I am pondering what to do about playing live—stay tuned on that. For now, people can enjoy track 9 on YouTube…filmed at a concert hall in Boston, MA

Any dream still to realise?

Absolutely! I would love to land a song in a movie—that would be the coolest thing! I’d also like to play some live shows if I can find a way to make it happen.

Do you wish to say something to your fan?

I think I have said mostly everything already, but I am thankful for all of the wonderful e-mails and comments on Facebook since the release of the record in late August. I think some listeners are taken aback by the starkness of the recording—there are almost no effects on the vocals—but the title (Exhibitionist) was all about being real, being naked so to speak, a little bit of counter culture away from the over-produced records out there. I hope people enjoy the songs!


Je reconnais toutes les influences en particulier celles de Harry Connick Jr et Patricia Barber, ou du moins une grande partie de ces dernières dans cet album. J’ai également immédiatement fait le parallèle avec Anne Bisson, et je pense assurément à son disque « Blue mind », du moins dans le style cosy et Jack Johnson pour ses ballades.
Cependant, Micah Sheveloff avec « Exhibitionist » est allé un peu plus loin dans ses compositions et arrangements, on sent une grande cohérence au niveau de la production, ses influences classiques sont indéniables. Les musiciens invités s’accordent à merveille, pas un au dessus de l’autre. S’il a produit lui même ce disque, il est clair qu’il y a mis beaucoup de lui même, avec notamment une attention toute particulière dés la prise de son jusqu’au mastering afin de conserver au plus proche, cette part d’humanité qu’il y a dans ses compositions et son interprétation.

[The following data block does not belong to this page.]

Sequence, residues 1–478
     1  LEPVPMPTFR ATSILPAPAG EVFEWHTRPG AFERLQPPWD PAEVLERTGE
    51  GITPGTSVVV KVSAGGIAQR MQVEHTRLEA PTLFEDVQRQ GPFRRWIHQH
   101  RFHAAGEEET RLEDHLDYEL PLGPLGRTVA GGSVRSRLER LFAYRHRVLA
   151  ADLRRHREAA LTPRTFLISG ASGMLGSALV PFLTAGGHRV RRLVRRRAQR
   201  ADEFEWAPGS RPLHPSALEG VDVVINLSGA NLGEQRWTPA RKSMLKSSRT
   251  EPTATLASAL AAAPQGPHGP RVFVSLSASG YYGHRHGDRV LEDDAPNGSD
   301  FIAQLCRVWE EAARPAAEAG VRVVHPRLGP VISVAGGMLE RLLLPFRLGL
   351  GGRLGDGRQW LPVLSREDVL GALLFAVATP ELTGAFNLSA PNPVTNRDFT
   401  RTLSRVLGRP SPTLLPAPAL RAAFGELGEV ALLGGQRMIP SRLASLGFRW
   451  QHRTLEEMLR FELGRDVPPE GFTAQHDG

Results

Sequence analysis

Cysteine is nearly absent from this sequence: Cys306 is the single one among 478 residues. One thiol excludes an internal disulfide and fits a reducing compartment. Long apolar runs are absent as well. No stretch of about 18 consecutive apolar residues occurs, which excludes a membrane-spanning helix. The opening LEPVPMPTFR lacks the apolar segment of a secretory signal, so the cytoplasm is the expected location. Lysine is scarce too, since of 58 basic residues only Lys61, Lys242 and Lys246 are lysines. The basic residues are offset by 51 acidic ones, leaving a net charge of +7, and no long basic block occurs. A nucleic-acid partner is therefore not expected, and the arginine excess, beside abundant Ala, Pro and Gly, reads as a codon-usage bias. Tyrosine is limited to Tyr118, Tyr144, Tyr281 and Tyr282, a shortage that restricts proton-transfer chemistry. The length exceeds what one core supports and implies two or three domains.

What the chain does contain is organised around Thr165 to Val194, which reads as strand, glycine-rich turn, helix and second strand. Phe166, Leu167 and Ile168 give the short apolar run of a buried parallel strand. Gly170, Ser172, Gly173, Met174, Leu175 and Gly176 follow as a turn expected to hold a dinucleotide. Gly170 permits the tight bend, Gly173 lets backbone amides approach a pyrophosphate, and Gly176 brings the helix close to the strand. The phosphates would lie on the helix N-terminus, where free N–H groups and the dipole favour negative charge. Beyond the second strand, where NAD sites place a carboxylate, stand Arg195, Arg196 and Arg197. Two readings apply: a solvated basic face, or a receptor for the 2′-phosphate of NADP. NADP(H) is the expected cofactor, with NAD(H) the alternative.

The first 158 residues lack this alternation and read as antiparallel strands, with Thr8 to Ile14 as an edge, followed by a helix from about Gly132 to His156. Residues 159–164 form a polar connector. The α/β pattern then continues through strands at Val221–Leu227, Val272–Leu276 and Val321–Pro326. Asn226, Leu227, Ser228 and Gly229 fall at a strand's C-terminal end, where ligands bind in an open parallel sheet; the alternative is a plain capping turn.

La prise de son fait la part belle aux détails de la voix, mais également du lieu dans lequel les micros ont été installés, nous sommes dans un environnement acoustique viable, où on entend l’extinction des notes du piano sans effort, ainsi que le souffle de la voix.
J’ai particulièrement apprécié d’entendre plus distinctement le drum qui d’habitude est en retrait dans ce type d’enregistrement.
Le genre musical fait très penser à l’ambiance club feutrée, un verre de Champagne ou Porto millésimé à la main, en croquant un morceau de chocolat, cela va de soit.
La plage N°7 « Baltimore » est différente, un peu plus rock.
Plage N°9 « Heaven and Hell »… il y a du Roger Waters là dessous 🙂
Dernière chose, l’album est proposé en résolution de 24/96, ce qui va ravir les aficionados de musique HD.
Bref, vous l’aurez compris, on ne s’ennuie pas une minute lors de l’écoute de ce disque jazzy rock classique. Même si l’esprit de l’auteur est là, Micah a su se diversifier tout au long des 10 plages musicales.
Je ne serais pas étonné de voir poindre ce disque à l’horizon d’un succès bien mérité.

Pour apprécier ce disque, j’ai utilisé l’écoute au casque Sennheiser HD598 ainsi que mon système stéréo depuis un Mac Book Pro i7 vers le DAC Calyx Femto, l’amplificateur Gemincore et une paire d’enceintes acoustiques hybrides Monsoon FPF 1000.

Contact et information

Micah Sheveloff
Management contact: Bernadette Brennan 212-757-1669
Legal contact: Nick Ferrara 212-245-5700.

La pensée du moment :

De la musique avant toute chose
De la musique encore et toujours !
Et tout le reste est littérature
Paul Verlaine (1844 ? 1896)

Cet article a été rédigé par Marc PHILIP, rédacteur indépendant, tous droits réservés, copyright 2012, les textes et photos sont la propriété de l’auteur et du magazine.

Bonne journée et bon divertissement.